Trick Instagram, Beat the Algorithm, Get More Likes and Comments

Tricking Instagram's fear of missing your business is key


Charles Tumiotto Jackson

3 years ago | 3 min read

You know how much I despise hacks and shortcuts when it comes to growing on Instagram.

But I still enjoy trying to find the new obscure techniques people use to get a few extra likes and a few extra followers.

It was the follow-unfollow method a few years ago, then the engagement groups a year later, then using bots to watch millions of stories per day… Every time, these people come up with crazy methods to trick Instagram, beat the algorithm, and get more exposure than they should (or deserve? 🤔)

The latest hack I read about was different, though.

Post on Instagram, then immediately close the app for an hour or two. Resist the urge to open Instagram.

Now, that sounds silly, right? Why would that work?

Full disclamer here: I have not tried that method but I have read lots of posts on Reddit claiming that it works very well.

But why would I share a technique that I have not personally tested, especially when my whole philosophy and method rejects the idea of using hacks and shortcuts to grow?

To answer this question, let me first explain why this hack makes sense.

Instagram collects data on its users. The more someone opens the app and stays on it, the more data Instagram collects, and the more Instagram can sell this data to third party advertisers. This is the whole business model behind Instagram.

Instagram makes money on the data it collects on its users.

So Instagram has two crucial things to do:

  1. Make people open the app
  2. Make sure that they stay on it for as long as possible

To make people open the app, Instagram will send them a few notifications. To make them stay on the app, they will provide relevant content, DMs to reply to, comments to reply to, analytics to check out and analyze…

When you post a picture and leave the app, Instagram will start sending you notifications. These notifications are here to make you open the app and spend time on Instagram.

But if you resist the urge to open the app, Instagram will trick your fear of missing out by sending out more notifications. To do that, Instagram will push your content to more people, which will drive more interactions than usual. More likes, more comments, eventually more DMs.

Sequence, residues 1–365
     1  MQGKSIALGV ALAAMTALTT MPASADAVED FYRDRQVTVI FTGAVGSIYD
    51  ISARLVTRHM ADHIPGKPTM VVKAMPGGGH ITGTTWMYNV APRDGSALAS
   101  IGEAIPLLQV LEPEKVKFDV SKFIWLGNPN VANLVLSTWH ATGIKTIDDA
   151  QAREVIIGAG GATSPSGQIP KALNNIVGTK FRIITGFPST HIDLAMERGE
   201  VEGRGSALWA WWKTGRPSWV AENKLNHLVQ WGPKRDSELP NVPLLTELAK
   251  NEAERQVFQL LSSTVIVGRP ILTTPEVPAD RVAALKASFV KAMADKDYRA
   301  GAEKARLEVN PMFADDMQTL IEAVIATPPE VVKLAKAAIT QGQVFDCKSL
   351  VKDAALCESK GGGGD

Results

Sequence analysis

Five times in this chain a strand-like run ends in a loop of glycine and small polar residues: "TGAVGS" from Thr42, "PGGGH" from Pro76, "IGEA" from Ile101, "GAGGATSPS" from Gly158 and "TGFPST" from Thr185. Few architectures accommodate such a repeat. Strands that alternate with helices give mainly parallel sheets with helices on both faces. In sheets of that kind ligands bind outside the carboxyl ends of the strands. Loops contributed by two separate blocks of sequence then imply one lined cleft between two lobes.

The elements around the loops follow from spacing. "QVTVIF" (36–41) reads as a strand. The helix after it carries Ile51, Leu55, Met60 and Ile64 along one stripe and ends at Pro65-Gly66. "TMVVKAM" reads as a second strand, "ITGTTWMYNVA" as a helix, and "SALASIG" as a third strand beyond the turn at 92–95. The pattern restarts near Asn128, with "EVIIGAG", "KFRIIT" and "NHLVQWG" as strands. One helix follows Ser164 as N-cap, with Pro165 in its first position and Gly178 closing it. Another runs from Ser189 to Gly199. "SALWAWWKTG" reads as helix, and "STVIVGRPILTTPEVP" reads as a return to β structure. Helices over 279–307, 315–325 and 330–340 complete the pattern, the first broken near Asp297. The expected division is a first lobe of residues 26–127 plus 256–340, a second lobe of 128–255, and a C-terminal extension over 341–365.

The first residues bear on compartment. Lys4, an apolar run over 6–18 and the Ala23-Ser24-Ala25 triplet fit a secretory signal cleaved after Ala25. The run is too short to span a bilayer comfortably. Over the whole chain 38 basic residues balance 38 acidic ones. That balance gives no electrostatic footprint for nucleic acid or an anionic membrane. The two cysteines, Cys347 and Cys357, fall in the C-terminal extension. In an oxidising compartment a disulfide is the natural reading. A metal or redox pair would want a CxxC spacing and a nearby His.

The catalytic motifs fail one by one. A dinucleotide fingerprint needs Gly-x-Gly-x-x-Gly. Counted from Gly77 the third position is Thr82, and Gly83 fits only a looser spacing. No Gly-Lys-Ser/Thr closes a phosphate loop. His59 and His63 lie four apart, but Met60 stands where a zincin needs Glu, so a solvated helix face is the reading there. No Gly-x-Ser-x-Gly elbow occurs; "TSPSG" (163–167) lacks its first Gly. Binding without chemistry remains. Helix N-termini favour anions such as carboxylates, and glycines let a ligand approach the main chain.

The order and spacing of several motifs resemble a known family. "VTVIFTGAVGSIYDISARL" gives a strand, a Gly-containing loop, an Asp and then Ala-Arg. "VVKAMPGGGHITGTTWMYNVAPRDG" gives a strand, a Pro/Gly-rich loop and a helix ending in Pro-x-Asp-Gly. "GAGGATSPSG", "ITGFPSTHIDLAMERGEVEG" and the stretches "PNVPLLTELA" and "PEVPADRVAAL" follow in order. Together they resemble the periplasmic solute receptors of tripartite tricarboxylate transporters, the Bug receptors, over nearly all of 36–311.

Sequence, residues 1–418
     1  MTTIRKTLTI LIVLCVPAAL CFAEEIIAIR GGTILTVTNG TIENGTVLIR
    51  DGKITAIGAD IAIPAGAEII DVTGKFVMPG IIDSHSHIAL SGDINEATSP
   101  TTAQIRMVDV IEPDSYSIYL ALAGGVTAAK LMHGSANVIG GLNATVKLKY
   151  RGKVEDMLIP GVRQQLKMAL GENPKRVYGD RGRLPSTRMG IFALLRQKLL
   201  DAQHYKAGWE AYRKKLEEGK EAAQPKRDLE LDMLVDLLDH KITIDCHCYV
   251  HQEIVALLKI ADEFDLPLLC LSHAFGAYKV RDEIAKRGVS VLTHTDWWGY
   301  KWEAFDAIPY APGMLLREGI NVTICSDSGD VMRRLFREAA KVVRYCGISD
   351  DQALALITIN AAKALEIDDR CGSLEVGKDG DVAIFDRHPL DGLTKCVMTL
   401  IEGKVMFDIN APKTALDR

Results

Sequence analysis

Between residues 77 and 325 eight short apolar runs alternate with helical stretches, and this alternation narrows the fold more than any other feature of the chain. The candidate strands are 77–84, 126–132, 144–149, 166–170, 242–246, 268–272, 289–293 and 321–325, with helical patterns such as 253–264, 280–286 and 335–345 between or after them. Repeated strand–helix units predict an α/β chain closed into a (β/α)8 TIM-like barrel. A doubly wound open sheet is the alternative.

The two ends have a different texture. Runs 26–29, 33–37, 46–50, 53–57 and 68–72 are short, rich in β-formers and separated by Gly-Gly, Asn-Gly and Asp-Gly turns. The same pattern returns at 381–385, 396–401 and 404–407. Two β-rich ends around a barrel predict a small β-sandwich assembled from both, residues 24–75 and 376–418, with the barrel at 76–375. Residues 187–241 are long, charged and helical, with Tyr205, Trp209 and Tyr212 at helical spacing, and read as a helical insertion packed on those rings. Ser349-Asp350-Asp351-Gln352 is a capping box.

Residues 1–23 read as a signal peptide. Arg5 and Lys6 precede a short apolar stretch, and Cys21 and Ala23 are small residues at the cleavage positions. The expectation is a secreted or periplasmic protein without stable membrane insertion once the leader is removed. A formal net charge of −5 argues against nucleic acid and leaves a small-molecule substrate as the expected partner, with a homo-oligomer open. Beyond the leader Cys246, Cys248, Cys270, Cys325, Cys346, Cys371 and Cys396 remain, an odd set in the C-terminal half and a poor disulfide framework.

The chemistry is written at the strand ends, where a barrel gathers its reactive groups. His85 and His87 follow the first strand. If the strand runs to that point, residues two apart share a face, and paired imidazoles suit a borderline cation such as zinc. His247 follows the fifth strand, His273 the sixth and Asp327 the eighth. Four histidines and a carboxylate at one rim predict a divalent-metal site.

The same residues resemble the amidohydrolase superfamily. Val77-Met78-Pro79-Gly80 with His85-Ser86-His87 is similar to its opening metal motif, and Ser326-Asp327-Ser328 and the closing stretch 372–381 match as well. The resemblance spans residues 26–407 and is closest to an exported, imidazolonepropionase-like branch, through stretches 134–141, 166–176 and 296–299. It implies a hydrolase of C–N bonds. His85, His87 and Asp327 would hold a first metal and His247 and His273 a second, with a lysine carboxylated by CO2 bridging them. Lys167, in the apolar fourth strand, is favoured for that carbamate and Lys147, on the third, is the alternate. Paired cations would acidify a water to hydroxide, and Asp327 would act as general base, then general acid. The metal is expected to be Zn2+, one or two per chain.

Instagram will do that hoping that the unusual amount of notifications you get will trick you back into the app.

Now it all makes sense, right?

But does it work?

It appears to work, yes. But most importantly, I think this is a great marketing example.

When you publish content on Instagram (or any other platform, social media or not,) it is always crucial to understand the following: how is this platform making money? How do they benefit from what I am providing? How can I make sure that I provide exactly that?

When it comes to Instagram, providing content helps Instagram having content to push to its users to make sure they stay on the app once they have opened it.

The problem now, is that in 2021, the supply of content on Instagram is virtually infinite. This decreases the value of the content you post as what you post becomes easily replaceable.

But every time you post, you checking your phone every 3 minutes for the next few hours to see how many likes you got is a goldmine for Instagram. Every time you check your notifications, you scroll your feed, you reply to comments, to DMs, you might watch a few stories and a few ads.

Your uncontrolable desire to see how your latest post performed is financially profitable for Instagram.

If you cut down this supply, it will become more valuable, and Instagram will try to get you back in providing this value. The good news: Instagram can do so at a negligeable cost, by simply sending you a few notifications.

The bottom line here is that it is so important to understand how any platform works. On a deeper level. If Instagram is not naturally pushing your content, it is because that would be in your favor, but not theirs. So how can you reverse that power?

Let me know what you think (and let me know if you try this hack, I am curious to know.)


Created by

Charles Tumiotto Jackson

Content Marketer, willing to put the “social” back in Social Media. Forget about “Hacks” and obscure secrets to grow on social media →







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